Every so often research is required while preparing for my next adventure. My first attempt at focaccia was a failure. I did not do enough research. I tried to grab yeast from the air over night. I may have succeeded in my task, however I will never know. Another tidbit I had found was heating your yeast in a microwave can help to cut the proofing time. If you attempt this keep your microwave on the lowest power for no more than a few seconds. I cooked my “starter.” So for now I’m sticking to store bought yeast.
            I will try again, when I have a better understanding of yeast. My failed focaccia did make a lovely biscuit. Try to find the positives even in mistakes. Along your journey to self-sufficiency there will be many. My second attempt at focaccia I used rapid rise yeast. It came out light and fluffy and bubbly. That is how focaccia is supposed to be. I like my focaccia well seasoned with onions and cheddar. Find the recipe below and keep checking back. I will be making thirty-minute mozzarella, a variety of pastas, and a lot of bread. Many easy recipes to come.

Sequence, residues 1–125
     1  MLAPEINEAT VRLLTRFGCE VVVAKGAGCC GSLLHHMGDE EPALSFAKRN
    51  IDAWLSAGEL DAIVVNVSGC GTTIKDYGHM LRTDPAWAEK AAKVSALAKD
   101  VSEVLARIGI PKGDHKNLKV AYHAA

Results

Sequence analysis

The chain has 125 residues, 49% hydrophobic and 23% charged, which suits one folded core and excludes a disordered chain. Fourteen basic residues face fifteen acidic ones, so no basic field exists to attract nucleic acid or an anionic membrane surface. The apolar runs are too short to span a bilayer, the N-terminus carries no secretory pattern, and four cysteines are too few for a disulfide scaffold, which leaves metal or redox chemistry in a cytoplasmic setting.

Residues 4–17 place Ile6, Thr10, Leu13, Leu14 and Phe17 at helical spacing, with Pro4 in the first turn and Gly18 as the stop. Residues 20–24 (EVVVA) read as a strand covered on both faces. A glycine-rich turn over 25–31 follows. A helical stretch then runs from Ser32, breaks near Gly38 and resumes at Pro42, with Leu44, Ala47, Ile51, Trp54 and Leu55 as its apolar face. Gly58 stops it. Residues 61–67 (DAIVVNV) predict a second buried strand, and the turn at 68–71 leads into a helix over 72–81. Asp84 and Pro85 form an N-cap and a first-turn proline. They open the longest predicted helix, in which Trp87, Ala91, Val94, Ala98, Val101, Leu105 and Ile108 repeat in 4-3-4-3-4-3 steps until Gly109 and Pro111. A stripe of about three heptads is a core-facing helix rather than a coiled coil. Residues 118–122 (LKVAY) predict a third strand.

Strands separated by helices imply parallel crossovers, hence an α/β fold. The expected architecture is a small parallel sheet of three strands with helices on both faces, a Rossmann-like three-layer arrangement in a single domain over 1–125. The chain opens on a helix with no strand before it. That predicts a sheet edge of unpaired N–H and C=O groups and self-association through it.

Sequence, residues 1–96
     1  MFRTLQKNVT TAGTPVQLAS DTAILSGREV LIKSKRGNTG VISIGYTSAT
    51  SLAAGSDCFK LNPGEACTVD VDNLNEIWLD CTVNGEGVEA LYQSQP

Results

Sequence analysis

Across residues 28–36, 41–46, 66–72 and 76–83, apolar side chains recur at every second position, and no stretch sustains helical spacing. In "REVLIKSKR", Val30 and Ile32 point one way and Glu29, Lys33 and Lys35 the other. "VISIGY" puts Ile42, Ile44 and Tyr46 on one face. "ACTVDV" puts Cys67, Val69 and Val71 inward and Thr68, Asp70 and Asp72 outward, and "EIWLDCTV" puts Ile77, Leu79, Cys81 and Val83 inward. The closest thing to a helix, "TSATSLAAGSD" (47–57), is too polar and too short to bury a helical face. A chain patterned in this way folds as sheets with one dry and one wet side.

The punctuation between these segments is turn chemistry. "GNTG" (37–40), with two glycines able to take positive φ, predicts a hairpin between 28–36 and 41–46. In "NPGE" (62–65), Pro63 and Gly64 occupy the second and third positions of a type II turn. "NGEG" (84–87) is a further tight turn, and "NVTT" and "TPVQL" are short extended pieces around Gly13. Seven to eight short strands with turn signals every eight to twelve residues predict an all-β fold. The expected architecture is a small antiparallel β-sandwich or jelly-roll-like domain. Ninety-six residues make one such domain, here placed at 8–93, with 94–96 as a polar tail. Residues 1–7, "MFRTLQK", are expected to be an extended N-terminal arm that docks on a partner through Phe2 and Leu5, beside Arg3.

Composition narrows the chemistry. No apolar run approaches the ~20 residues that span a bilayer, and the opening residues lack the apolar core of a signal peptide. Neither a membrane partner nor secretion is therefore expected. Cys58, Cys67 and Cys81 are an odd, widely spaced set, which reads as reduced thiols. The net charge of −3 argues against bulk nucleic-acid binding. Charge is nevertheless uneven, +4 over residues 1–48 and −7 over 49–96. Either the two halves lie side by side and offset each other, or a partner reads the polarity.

Focaccia for Two (or more)

1 cup all purpose flour 
½ packet of rapid rise yeast
2 ½ tablespoons of warm water (110 degrees)
4 pinches of sugar
3 teaspoons of olive oil

Toppings

½ Vidalia onion (chopped)
Garlic powder to taste
3 table spoons of cheddar grated (or to taste)
Italian seasoning
Pinch of salt

Combine the yeast and two and a half tablespoons of water with four pinches of sugar. Allow it to sit somewhere warm for about 10 minutes.

Preheat your oven to 450 for an electric oven. Between 400 – 425 for a gas oven.

 The yeast will eat the sugar. You may see a small bubbles forming as the yeast activates. The next step is to combine the sugar, water, and yeast mixture with the flour. Slowly add in water until it begins to form sticky dough. Once you have a nice ball of sticky dough transfer it to a greased bowl and allow it to sit somewhere warm for thirty minutes. (I left it on my oven as I preheated it.)